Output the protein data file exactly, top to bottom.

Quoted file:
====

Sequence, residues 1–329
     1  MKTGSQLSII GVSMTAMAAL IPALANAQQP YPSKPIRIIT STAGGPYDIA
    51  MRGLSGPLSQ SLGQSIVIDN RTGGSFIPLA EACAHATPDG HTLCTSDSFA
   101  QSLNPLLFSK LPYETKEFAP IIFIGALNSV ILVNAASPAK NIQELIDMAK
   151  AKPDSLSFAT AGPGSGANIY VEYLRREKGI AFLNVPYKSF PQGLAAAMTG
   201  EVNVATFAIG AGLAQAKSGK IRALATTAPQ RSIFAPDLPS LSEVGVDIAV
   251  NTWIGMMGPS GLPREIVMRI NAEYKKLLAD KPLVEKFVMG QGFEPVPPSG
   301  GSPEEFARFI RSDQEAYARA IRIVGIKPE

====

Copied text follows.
Sequence, residues 1–329
     1  MKTGSQLSII GVSMTAMAAL IPALANAQQP YPSKPIRIIT STAGGPYDIA
    51  MRGLSGPLSQ SLGQSIVIDN RTGGSFIPLA EACAHATPDG HTLCTSDSFA
   101  QSLNPLLFSK LPYETKEFAP IIFIGALNSV ILVNAASPAK NIQELIDMAK
   151  AKPDSLSFAT AGPGSGANIY VEYLRREKGI AFLNVPYKSF PQGLAAAMTG
   201  EVNVATFAIG AGLAQAKSGK IRALATTAPQ RSIFAPDLPS LSEVGVDIAV
   251  NTWIGMMGPS GLPREIVMRI NAEYKKLLAD KPLVEKFVMG QGFEPVPPSG
   301  GSPEEFARFI RSDQEAYARA IRIVGIKPE